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dc.contributor.authorGUIDI, Mattia
dc.date.accessioned2012-07-06T14:37:51Z
dc.date.available2012-07-06T14:37:51Z
dc.date.issued2012
dc.identifier.urihttp://hdl.handle.net/1814/22688
dc.descriptionDefence date: 28 May 2012
dc.descriptionExamining Board: Professor Adrienne Héritier, European University Institute (supervisor); Professor Mark Franklin, European University Institute; Professor Jacint Jordana, Universitat Pompeu Fabra; Professor Andreas Dür, Universität Salzburg.
dc.descriptionThis work is licensed under a Creative Commons Attribution-NonCommercial-ShareAlike 3.0 License: http://creativecommons.org/licenses/by-nc-sa/3.0/
dc.description.abstractThis Ph.D dissertation aims at answering two questions, which are closely related to each other: 1. How do politicians decide about the independence they give to regulatory agencies? 2. Is there a link between the amount of independence which an agency enjoys and the way in which it performs its tasks? The first question investigates the factors that lead politicians to delegate in the field of competition policy. The second question concerns, more broadly, the relationship between costs and benefits of delegation. This dissertation focuses on national competition authorities (NCAs) in the EU member states, being antitrust one of the few really “European” policies, enforced in the same way in all the countries by the European Commission and by the NCAs. The main empirical analysis (Chapter 3) tests a theoretical framework, based on both original hypotheses and previous contributions. In order to measure formal independence, an index based on several features of agency autonomy has been developed. The results confirm the two original hypotheses advanced in this work. On the one hand, the degree of independence of NCAs is influenced by political polarisation and by the presence of big firms in the national economy (the higher the polarisation, the higher the negative impact of big firms on independence). On the other hand, independence is related to EU membership: the longer the country has been member of the EU, the more independent the NCA is. These findings have been “cross-checked” with a series of interviews with expert and members of competition authorities in France, Italy, and Greece (Chapter 4). In Chapter 5, the hypothesis of a relationship between independence and performance has been tested. According to the results of this statistical analysis, greater formal independence leads competition authorities to investigate more cases and to issue more decisions.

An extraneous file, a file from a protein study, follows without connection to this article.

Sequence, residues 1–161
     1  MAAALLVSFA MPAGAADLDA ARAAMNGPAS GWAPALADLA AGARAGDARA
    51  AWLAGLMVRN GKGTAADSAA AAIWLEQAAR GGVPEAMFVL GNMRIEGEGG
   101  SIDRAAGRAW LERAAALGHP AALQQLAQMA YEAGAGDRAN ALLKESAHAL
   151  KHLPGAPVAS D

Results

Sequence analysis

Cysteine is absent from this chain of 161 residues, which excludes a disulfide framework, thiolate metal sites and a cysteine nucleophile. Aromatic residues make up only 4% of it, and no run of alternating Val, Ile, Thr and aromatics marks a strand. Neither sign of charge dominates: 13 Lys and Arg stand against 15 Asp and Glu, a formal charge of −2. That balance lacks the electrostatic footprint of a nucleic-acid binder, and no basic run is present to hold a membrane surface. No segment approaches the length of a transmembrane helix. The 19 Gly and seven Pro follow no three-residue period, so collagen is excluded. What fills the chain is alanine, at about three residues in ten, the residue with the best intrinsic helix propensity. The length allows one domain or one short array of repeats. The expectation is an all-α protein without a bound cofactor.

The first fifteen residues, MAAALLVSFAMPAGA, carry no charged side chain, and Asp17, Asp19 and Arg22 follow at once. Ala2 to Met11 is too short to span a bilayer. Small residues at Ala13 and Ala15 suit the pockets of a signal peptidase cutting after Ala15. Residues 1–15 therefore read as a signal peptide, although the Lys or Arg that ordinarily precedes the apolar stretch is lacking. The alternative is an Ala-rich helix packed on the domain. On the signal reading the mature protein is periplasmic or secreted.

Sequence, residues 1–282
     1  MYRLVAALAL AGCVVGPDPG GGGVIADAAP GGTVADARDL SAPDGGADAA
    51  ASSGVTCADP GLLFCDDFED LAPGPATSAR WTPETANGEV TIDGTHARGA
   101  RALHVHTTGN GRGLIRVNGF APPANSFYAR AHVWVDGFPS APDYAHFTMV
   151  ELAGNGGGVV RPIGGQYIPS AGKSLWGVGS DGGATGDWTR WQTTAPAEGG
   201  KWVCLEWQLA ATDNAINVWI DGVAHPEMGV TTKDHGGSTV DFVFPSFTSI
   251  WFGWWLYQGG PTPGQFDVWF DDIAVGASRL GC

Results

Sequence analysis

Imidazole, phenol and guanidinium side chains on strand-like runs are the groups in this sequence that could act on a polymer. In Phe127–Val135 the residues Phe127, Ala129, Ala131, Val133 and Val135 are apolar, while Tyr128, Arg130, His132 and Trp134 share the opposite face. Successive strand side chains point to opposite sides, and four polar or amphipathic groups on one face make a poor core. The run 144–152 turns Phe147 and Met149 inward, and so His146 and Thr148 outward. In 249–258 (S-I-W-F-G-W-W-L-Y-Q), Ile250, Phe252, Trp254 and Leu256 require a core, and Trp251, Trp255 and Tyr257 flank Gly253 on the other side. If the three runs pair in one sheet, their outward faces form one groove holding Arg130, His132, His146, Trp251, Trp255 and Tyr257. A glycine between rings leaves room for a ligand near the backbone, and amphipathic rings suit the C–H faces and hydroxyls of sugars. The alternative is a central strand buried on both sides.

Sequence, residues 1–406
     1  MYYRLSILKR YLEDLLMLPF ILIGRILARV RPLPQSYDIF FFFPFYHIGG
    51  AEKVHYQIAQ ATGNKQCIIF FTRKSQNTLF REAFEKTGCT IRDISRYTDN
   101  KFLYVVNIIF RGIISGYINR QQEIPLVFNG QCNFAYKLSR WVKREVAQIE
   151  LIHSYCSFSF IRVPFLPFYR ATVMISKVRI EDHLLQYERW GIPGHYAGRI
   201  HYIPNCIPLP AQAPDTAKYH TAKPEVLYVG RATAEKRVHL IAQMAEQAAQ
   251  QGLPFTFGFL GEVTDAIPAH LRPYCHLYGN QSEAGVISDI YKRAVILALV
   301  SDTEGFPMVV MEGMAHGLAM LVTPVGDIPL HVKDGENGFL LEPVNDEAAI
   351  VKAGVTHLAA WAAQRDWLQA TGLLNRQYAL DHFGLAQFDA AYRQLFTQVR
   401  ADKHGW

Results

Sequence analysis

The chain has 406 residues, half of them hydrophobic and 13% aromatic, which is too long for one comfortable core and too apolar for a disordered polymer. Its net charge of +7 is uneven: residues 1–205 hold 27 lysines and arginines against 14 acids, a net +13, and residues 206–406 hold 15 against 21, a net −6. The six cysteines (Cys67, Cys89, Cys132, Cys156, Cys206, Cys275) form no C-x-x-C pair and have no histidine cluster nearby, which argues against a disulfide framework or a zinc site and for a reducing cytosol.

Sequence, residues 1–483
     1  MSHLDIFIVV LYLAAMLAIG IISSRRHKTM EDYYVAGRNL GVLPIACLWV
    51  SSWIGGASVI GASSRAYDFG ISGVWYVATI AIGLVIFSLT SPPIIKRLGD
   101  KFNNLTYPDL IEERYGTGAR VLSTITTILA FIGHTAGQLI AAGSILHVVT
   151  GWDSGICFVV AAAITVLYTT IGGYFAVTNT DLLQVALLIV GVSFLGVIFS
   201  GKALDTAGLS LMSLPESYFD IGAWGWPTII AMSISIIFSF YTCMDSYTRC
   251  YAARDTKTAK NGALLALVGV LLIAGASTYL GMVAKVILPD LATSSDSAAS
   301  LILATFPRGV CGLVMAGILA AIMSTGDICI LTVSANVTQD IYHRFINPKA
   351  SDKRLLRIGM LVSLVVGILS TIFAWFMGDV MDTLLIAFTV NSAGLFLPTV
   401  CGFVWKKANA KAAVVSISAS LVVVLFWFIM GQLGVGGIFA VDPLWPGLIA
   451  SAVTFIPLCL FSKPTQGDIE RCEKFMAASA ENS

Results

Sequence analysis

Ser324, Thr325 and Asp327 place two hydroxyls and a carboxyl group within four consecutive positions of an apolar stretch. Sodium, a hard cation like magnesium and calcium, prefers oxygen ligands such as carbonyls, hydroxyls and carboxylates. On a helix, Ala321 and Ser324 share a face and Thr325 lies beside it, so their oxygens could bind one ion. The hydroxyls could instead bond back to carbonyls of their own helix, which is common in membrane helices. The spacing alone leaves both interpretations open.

dc.format.mimetypeapplication/pdf
dc.language.isoen
dc.relation.ispartofseriesEUI PhD theses
dc.relation.ispartofseriesDepartment of Political and Social Sciences
dc.relation.hasversionhttp://hdl.handle.net/1814/43806
dc.rightsinfo:eu-repo/semantics/openAccess
dc.titleExplaining and Assessing Independence: National competition authorities in the EU member statesen
dc.typeThesisen
dc.identifier.doi10.2870/46429
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